Why you feel resistant about change

You’re faced with something new—a new way of working, a new teammate,  a new manager—and just aren’t feeling it. While you may be able to avoid some changes in life, many are unstoppable, especially at work. I believe a prime example of this dynamic is AI-based technologies, which are rapidly being incorporated across sectors but face widespread resistance from employees.

The good news is that you can take active steps to work through any such block and become more open to embracing change. The way forward has to do with identifying and addressing different kinds of “friction” that are causing you to feel resistance.

I cowrote about friction theory extensively in my last book. But there, the focus was exclusively on other people—that is, how to overcome people’s natural resistance to trying a new product or idea you seek to advance, whether a new business strategy or way to buy houses. Our book talks about methods to remove such friction by recognizing its underlying cause and taking specific steps to unlock larger demand.

Luckily, the concept can be applied to oneself as well, using the same approach: you diagnose the “personal friction” you’re feeling, then apply proven remedies to reframe what you’re resistant to as an opportunity rather than a problem—or at the very least as something manageable. In short, you flip the script, imagining yourself as a member of the audience that others are trying to convince.

The best way to illuminate this approach is to share the four types of personal friction and how to address each.


Inertia is our well-known tendency to favor what we know and resist any kind of change to our routine or workflow—especially the first time we hear about it. Imagine your company announces AI will be incorporated into key processes like research over the coming month, including mandatory training. “That’s going to change everything!” would be a typical, knee-jerk reaction. The trick is to recognize that it’s natural for us humans to favor the status quo. To get past this negative initial reaction, try recalling other times you’ve successfully self-acclimated to something you resisted strongly at first, such as a new technology or organizational structure. Remind yourself of the time it takes to warm to something new and give yourself a grace period to adapt.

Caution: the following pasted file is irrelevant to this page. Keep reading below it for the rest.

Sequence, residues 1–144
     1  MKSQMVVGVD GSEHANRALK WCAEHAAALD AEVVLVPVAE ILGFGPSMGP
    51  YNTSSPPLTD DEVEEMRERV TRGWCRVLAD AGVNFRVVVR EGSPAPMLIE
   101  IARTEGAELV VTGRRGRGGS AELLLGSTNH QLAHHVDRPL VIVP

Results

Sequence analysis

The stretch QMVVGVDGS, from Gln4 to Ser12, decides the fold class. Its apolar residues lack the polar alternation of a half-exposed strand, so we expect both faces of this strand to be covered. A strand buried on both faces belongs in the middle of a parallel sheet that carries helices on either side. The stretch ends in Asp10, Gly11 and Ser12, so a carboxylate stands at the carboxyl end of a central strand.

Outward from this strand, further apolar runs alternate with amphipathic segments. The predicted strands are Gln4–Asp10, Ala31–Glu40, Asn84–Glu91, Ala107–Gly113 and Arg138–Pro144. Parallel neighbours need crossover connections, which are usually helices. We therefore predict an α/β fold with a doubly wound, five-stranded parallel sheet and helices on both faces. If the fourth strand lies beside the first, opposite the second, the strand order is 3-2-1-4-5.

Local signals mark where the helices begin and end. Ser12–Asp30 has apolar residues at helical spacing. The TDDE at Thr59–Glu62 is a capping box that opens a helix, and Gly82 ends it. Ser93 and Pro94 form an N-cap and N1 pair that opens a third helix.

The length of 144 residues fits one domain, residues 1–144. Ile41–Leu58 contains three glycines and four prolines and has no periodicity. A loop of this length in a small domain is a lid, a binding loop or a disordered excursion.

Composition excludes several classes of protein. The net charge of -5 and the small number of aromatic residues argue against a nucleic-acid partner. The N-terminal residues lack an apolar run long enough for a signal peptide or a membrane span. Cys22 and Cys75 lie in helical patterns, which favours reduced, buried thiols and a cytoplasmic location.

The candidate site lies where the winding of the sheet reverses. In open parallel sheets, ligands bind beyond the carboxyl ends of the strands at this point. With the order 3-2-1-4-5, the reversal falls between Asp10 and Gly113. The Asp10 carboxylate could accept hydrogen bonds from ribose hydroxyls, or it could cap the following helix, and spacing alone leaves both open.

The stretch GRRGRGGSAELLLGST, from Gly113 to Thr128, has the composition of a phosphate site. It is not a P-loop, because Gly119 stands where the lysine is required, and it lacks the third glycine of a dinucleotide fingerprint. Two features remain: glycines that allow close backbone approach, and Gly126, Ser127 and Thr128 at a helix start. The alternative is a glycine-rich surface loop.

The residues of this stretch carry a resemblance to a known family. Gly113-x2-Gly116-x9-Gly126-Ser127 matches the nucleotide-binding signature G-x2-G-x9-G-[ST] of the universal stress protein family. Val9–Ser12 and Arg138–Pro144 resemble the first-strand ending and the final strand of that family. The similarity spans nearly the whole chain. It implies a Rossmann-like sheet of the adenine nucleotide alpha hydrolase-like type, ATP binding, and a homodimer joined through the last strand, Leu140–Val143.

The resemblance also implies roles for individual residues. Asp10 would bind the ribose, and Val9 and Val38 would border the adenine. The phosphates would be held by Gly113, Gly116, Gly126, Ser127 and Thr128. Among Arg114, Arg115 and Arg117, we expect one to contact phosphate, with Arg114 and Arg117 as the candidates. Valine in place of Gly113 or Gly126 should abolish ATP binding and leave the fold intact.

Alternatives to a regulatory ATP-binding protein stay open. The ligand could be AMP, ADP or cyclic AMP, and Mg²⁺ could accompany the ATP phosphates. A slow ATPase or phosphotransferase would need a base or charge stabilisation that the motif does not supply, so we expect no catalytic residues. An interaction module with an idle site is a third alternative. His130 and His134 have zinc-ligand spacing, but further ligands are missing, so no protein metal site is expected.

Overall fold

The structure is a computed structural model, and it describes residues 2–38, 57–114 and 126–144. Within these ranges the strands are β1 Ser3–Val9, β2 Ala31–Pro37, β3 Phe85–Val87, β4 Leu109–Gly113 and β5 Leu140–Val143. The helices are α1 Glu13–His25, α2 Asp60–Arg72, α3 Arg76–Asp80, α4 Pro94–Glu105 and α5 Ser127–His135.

Another natural reaction to being told something will change is asserting your ability to say “no,” especially if the change feels forced. So if your manager says, “We will use AI as part of our workflow,” it’s easy to counter—at least in your head—with “Don’t tell me what to do!” Just like inertia, this is part of being human; we protect our autonomy. The way forward here is to reframe the friction-inducing directive as a question: “How might I use AI as part of my workflow?” This framing preserves our autonomy by making the change a challenge to address as opposed to a directive. Instead of resisting, you may now recognize the elements of control and creativity you can have as an author, rather than a victim, of change.


Emotional friction has to do with resisting a change because of the negative feelings it may elicit. It’s natural to be anxious about change, but this often first manifests as anger or frustration. To understand the cause of negative change-related feelings, try asking yourself a series of “why” questions to arrive at the root of the issue. “Why am I feeling angry about the return-to-work policy?” The answer may be, “Because I’m sad I’ll miss time with my family.” Once you know the root emotion—sadness, in this case—you can develop practical ways to address it, such as planning ahead for quality time with the family or checking on assumptions you’re making about how your returning to work will affect them.


Like inertia, this effort-tied friction concerns the perceived amount of exertion adapting to something new will require. When we ask, “How much extra work is this going to take” we tend to overestimate the effort any change incurs, partly because we think of the total amount of effort upfront. Instead, try creating a change roadmap for yourself. Just like we do with health and fitness goals, try breaking the desired change into a series of small steps that ladder-up to the larger transformation—a training schedule, if you will. This shrinks the size of the change from something seemingly herculean to manageable increments.

Personal friction is natural and powerful, impeding us from adapting to many types of change, including those we’d likely benefit from. Use the ideas here to identify and conquer this friction, and to enjoy the rewards of embracing meaningful change.

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